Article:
A Sultan in Palermo – Islam Quintet IV

Published by Verso, 2005

The fourth and penultimate novel in Tariq Ali’s celebrated Islam Quintet

A Sultan in Palermo is set in medieval Palermo, a Muslim city rivaling Baghdad and Cordoba in size and splendor. The year is 1153. The Normans are ruling Siqqiliya, but Arab culture and language dominate the island and the court. Sultan Rujari (King Roger) surrounds himself with Muslim intellectuals, several concubines, and an administration presided over by gifted eunuchs. The bishops, expecting to be at the pinnacle of power, are angered by the decadence of the court. In this captivating novel, Tariq Ali charts the life and loves of the medieval cartographer Muhammed al-Idrisi. Torn between his close friendship with the sultan and his friends who are leaving the island or plotting a resistance to Norman rule, Idrisi finds temporary solace in the harem; but, confronted by the common people of Noto and Catania, his conscience is troubled. A Sultan in Palermo is a mythic novel in which pride, greed, and lust intermingle with resistance and greatness. Though set in the past, it has haunting resonance today.

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Reviews: The Guardian, Washington Report on Middle East Affairs

From the archive

  • Trotskyist or Trotskyish?

    September 3, 2010

    ‘Trotsky: past, present… future?’ an interview with Tariq Ali by Kirsty Jane for Vulpes Libris, September 3, 2010

    A leading figure of the Trotskyist movement in the sixties and seventies, Tariq Ali’s engagement with Trotsky goes far beyond party politics. Kirsty Jane met up with him at the Edinburgh Book Festival, where he was presenting his new novel Night of the Golden Butterfly, to talk about old friends… and new strategies.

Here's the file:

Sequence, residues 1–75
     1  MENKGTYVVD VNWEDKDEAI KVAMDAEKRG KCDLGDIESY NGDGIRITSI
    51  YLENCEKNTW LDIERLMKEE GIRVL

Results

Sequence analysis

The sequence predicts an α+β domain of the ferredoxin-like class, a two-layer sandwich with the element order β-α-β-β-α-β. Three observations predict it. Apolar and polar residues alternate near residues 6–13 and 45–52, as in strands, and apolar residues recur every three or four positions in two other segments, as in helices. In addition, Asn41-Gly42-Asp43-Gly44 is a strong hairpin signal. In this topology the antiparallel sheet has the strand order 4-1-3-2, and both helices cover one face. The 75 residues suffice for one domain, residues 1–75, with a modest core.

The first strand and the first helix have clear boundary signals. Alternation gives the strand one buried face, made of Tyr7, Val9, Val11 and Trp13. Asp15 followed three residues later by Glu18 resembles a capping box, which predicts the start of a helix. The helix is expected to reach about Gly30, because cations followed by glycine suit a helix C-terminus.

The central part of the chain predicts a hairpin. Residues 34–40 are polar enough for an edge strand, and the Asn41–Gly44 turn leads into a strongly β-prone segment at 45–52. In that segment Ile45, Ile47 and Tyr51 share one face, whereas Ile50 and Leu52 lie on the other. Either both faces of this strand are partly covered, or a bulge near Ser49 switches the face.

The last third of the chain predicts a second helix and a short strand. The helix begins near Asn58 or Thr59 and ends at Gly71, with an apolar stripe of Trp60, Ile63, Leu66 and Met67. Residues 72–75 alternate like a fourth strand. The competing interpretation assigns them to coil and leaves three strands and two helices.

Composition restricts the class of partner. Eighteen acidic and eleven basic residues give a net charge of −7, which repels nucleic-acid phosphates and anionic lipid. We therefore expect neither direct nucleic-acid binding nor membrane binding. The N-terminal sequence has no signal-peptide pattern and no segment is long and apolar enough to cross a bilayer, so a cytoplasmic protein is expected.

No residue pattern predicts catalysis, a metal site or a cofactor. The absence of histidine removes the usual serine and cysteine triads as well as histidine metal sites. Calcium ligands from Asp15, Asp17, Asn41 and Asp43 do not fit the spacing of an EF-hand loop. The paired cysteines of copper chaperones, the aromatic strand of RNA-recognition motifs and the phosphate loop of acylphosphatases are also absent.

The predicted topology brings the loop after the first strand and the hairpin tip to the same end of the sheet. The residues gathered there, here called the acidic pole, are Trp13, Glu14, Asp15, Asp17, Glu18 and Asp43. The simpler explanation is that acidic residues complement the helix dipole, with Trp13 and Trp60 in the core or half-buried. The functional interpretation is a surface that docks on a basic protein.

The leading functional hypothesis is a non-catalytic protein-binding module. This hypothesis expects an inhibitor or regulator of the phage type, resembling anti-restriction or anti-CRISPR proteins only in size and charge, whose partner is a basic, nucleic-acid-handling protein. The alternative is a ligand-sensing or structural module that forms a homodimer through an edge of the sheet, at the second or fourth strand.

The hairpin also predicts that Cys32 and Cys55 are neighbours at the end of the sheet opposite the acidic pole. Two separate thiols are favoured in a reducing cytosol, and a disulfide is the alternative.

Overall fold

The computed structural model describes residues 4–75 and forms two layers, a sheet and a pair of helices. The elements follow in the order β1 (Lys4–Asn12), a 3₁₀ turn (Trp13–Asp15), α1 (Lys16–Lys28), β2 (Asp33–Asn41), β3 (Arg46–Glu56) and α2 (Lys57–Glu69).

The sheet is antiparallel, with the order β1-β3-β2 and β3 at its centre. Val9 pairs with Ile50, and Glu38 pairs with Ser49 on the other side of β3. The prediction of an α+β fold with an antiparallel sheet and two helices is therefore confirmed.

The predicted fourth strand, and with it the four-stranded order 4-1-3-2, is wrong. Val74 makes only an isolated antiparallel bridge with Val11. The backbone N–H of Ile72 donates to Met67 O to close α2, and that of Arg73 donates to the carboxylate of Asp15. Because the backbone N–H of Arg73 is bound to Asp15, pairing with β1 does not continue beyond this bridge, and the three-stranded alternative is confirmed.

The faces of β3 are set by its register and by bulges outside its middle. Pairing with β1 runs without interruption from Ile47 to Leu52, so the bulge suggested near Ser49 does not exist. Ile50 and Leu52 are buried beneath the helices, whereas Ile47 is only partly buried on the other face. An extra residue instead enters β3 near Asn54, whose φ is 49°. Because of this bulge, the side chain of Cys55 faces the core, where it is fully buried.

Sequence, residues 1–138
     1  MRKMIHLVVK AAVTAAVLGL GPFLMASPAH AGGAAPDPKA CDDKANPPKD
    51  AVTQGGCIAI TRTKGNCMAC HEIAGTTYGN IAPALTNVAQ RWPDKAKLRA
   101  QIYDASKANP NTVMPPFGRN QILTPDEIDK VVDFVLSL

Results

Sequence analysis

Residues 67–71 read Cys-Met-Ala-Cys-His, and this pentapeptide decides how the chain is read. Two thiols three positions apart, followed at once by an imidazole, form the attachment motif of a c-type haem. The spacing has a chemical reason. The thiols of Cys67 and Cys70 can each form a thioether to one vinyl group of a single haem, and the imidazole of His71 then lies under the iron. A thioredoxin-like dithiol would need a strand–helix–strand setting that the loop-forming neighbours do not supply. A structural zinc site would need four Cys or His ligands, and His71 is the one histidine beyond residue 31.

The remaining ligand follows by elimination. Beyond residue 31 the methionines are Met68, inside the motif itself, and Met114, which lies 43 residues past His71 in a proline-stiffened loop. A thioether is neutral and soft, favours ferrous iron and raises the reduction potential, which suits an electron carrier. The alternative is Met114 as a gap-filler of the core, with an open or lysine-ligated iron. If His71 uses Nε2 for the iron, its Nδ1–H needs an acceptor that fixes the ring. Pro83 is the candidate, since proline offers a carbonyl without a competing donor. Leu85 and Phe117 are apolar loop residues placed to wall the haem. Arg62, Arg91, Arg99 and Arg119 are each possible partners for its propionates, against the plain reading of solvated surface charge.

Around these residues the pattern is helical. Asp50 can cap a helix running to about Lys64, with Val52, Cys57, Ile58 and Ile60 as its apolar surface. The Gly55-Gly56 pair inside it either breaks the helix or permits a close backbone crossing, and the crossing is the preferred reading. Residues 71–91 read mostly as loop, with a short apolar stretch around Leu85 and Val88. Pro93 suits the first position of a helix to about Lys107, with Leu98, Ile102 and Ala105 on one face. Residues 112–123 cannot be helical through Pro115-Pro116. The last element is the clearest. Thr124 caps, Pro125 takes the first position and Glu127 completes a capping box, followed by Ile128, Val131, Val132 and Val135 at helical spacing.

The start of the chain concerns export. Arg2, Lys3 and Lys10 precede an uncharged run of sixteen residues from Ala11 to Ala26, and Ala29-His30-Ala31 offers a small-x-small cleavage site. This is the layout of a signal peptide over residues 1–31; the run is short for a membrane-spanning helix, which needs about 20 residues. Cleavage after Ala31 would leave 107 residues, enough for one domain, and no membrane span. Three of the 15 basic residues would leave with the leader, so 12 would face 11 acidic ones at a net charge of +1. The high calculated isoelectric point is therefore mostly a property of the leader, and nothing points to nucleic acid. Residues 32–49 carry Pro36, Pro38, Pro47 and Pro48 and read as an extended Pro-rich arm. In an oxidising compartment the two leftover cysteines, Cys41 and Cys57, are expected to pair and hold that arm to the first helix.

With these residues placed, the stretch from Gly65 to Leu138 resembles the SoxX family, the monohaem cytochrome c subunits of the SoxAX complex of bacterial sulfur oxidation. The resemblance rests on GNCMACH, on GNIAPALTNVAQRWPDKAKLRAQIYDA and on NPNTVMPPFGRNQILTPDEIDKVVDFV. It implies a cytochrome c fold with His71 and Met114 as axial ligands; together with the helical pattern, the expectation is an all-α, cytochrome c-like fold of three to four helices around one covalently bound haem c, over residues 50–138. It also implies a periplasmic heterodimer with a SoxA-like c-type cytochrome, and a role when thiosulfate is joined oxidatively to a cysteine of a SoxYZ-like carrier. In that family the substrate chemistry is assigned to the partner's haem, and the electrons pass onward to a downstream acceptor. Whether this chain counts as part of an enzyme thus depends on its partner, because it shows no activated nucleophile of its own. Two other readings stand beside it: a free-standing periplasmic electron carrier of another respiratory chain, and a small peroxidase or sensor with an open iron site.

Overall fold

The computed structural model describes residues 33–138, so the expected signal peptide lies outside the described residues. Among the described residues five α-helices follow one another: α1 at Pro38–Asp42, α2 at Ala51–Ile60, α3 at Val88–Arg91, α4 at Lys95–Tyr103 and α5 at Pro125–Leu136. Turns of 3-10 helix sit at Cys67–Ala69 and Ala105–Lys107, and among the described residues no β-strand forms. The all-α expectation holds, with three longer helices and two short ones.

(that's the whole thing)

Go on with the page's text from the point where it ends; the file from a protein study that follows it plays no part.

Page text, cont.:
You mentioned in Street Fighting Years that you first read Isaac Deutscher’s biography of Trotsky when you were ill in bed (and I wish I hadn’t known the rather TMI details of that… you’ve scarred me for life). How, then, did you begin to read Trotsky? What was your first contact with him?

    After reading the Deutscher trilogy, I was just quite naturally drawn to read the  …

  • Obama at War: The Brooklyn Rail interviews Tariq Ali

    April 9, 2010

    An interview with Tariq Ali by Theodore Hamm and Christian Parenti for The Brooklyn Rail, April 9, 2010

    Rail: What do you make of Gen. Stanley McChrystal’s recent observation that an “amazing” number of innocent Afghan civilians have been killed by U.S. forces? That fact is not surprising—but shouldn’t such high-level acknowledgment of it provoke real opposition to the war?

    Tariq Ali: It should but it won’t because North American and European citizens (the latter in large majorities) who oppose the war feel disempowered. In the U.S., of course, Obama promised to escalate the war, an election pledge he has carried out with a vengeance and unless directly affected—as in the days of the draft—liberal Americans don’t care that much if foreigners are being killed. McChrystal’s remarks were designed largely for consumption in Afghanistan: he was simultaneously appealing  …